“We, representatives of Palestinian civil society, call upon international civil society organizations and people of conscience all over the world to impose broad boycotts and implement divestment initiatives against Israel similar to those applied to South Africa in the apartheid era. We appeal to you to pressure your respective states to impose embargoes and sanctions against Israel. We also invite conscientious Israelis to support this Call, for the sake of justice and genuine peace.

These non-violent punitive measures should be maintained until Israel meets its obligation to recognize the Palestinian people’s inalienable right to self-determination and fully complies with the precepts of international law by:

  1. Ending its occupation and colonisation of all land occupied in June 1967 and dismantling the Wall
    2. Recognising the fundamental rights of the Arab-Palestinian citizens of Israel to full equality; and
    3. Respecting, protecting and promoting the rights of Palestinian refugees to return to their homes and properties as stipulated in UN resolution 194.”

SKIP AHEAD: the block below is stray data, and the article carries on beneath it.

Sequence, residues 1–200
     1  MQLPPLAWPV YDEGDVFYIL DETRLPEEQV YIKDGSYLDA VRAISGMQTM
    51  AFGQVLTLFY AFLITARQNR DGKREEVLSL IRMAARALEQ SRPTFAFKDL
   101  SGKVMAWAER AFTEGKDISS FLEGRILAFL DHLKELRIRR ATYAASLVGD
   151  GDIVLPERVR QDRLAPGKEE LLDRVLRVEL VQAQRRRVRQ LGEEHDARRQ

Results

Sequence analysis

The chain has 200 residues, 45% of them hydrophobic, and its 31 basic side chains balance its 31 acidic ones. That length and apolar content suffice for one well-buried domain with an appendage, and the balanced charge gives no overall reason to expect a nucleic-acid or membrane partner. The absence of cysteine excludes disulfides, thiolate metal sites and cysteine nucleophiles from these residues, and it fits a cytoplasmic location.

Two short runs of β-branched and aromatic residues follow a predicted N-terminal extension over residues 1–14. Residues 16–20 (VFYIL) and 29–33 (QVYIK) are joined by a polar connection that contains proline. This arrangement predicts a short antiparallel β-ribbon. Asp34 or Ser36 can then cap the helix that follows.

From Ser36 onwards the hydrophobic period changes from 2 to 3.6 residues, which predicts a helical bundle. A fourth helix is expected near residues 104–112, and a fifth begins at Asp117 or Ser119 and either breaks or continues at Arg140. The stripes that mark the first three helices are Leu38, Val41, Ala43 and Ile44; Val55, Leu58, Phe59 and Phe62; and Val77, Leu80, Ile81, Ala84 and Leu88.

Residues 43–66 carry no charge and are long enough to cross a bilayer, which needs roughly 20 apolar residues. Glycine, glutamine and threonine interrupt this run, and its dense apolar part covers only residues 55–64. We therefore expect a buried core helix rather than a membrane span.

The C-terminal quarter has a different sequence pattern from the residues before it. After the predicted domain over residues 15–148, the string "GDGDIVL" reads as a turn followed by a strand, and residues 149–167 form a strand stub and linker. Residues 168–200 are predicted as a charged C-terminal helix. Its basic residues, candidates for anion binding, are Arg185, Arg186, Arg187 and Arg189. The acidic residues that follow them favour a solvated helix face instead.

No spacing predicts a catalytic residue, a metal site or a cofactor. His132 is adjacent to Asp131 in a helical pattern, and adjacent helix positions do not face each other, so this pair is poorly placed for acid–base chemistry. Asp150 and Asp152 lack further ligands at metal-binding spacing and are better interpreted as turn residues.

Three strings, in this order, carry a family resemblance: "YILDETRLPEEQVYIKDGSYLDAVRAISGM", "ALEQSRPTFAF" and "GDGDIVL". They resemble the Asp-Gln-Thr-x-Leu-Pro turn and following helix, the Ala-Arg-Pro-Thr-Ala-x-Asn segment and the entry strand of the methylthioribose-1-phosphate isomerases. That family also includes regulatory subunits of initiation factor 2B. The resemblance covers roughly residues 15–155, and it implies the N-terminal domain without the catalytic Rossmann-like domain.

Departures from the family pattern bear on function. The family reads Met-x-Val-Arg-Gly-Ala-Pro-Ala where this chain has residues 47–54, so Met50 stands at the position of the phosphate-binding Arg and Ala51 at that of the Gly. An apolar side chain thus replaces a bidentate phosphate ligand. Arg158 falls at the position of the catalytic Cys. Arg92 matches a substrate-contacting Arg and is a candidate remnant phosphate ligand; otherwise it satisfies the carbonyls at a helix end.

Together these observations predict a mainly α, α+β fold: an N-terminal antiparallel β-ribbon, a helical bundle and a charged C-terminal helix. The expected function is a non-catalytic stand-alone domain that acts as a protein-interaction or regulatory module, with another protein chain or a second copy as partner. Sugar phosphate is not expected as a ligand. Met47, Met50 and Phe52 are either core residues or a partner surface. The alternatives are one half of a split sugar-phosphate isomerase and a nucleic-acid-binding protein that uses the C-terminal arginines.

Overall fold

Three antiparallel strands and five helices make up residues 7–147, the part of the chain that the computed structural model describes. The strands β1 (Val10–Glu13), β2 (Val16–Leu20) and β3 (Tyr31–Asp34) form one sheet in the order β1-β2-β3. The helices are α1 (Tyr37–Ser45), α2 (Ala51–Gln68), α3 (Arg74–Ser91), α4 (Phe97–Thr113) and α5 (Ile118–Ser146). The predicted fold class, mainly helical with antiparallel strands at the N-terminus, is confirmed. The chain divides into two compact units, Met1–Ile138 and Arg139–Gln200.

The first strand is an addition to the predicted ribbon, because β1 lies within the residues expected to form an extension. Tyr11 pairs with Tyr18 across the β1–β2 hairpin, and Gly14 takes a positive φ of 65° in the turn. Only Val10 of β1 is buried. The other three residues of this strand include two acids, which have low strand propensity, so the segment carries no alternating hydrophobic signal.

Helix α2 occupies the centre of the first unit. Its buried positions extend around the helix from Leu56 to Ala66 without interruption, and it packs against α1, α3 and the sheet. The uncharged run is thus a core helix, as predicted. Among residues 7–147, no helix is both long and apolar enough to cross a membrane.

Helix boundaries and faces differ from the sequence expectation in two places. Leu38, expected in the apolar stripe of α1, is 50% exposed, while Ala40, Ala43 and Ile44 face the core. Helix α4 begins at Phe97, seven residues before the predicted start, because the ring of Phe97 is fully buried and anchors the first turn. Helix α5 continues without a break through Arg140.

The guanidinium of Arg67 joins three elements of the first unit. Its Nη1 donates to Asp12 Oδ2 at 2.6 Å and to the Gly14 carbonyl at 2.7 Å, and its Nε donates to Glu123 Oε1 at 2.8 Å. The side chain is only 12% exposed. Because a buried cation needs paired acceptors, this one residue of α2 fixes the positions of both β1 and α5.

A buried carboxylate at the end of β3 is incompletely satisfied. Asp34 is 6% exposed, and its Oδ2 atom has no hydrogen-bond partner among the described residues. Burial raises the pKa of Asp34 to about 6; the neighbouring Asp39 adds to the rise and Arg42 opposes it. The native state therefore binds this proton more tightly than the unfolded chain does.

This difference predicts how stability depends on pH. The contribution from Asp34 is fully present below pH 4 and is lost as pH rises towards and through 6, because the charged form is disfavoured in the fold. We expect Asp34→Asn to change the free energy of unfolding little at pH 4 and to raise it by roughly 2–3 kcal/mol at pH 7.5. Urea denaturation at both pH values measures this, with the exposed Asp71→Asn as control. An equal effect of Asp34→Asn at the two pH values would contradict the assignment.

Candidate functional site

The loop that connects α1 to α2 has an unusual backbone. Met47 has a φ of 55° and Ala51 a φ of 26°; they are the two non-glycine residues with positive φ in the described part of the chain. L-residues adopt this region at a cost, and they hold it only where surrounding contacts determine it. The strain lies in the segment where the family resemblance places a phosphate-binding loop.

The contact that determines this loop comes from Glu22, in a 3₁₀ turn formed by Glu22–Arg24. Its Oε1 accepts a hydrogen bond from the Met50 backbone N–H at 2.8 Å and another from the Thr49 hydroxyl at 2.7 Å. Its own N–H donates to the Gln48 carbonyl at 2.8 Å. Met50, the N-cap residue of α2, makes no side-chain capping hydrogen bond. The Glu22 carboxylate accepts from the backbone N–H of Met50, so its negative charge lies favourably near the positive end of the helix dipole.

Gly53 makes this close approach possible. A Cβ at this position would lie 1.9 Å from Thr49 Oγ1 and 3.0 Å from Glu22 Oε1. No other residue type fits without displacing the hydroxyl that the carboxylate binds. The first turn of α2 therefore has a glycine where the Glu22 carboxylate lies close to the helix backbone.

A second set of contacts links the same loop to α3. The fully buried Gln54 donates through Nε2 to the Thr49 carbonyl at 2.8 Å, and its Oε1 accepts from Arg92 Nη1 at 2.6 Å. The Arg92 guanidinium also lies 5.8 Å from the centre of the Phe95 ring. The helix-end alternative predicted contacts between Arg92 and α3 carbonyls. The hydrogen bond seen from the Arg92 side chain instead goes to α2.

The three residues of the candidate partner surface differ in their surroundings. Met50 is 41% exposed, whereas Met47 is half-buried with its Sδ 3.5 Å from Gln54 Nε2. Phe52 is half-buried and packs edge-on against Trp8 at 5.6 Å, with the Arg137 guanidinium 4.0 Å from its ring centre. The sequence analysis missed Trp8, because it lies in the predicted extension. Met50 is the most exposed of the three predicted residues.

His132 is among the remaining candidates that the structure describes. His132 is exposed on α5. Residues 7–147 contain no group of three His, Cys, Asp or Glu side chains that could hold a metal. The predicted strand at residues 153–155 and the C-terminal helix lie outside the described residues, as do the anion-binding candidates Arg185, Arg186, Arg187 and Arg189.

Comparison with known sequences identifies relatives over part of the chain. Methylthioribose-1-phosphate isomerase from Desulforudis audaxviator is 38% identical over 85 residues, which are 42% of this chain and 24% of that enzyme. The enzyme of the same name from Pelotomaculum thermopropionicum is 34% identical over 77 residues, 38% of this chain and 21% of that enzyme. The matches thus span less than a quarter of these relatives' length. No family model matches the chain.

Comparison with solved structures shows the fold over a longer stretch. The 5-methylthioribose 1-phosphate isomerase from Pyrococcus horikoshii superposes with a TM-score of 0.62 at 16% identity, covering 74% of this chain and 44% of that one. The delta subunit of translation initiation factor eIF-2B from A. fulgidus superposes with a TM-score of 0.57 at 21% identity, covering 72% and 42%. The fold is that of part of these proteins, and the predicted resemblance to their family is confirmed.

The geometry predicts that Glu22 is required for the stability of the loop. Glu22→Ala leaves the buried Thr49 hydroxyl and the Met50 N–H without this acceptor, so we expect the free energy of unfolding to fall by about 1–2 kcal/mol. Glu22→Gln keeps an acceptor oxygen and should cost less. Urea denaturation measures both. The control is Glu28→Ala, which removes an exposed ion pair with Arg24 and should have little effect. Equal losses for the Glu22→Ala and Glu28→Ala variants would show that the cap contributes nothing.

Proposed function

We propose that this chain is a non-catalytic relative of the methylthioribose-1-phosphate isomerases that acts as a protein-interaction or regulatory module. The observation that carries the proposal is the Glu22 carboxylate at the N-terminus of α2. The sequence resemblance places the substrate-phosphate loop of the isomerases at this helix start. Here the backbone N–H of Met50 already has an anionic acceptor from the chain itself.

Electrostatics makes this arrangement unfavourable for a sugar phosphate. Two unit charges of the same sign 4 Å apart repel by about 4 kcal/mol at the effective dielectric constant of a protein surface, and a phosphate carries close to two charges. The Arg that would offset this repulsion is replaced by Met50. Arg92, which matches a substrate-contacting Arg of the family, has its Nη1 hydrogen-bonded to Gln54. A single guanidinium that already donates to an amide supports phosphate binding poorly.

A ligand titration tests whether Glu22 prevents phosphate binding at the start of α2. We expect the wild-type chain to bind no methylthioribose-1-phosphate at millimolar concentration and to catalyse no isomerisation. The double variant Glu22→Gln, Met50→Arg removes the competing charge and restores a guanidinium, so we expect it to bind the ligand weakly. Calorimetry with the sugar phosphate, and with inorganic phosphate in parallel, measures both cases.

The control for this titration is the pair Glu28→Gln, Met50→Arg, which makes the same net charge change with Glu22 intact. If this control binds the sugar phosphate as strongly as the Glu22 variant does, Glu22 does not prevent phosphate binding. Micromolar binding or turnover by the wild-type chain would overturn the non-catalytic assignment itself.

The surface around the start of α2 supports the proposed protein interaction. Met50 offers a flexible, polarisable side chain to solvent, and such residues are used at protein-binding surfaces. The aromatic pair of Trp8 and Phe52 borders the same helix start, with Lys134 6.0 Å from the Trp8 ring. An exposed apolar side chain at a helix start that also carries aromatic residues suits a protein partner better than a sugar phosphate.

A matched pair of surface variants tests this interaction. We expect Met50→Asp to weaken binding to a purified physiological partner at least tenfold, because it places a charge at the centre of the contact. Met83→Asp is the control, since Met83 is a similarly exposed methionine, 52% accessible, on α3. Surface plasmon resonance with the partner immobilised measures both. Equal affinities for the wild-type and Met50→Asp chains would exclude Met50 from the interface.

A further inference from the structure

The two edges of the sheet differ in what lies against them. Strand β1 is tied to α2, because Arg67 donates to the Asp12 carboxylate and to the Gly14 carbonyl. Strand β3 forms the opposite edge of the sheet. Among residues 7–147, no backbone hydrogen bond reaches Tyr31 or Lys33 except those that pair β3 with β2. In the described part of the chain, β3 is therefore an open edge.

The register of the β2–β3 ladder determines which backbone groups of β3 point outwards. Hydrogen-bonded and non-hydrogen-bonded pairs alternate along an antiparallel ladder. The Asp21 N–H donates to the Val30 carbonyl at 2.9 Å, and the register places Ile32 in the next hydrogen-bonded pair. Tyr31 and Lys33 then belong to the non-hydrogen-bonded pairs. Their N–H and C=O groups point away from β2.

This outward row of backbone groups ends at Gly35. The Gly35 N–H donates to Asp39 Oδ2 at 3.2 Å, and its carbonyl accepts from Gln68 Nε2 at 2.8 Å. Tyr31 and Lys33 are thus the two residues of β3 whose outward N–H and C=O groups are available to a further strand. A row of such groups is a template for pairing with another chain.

Boycott is a tool human rights defenders have used throughout history. It is a non-violent, global and traditional form of protest used to oppose oppression. It is not racist to refuse to buy, decline to invest in or stop supplying goods, arms or services to companies and institutions that are knowingly supporting breaches of human rights and international law.

We proudly continue in the tradition of civil and human rights activists before us. If it was good enough for Mahatma Gandhi, Martin Luther King Jr, and Nelson Mandela; boycott is good enough for us.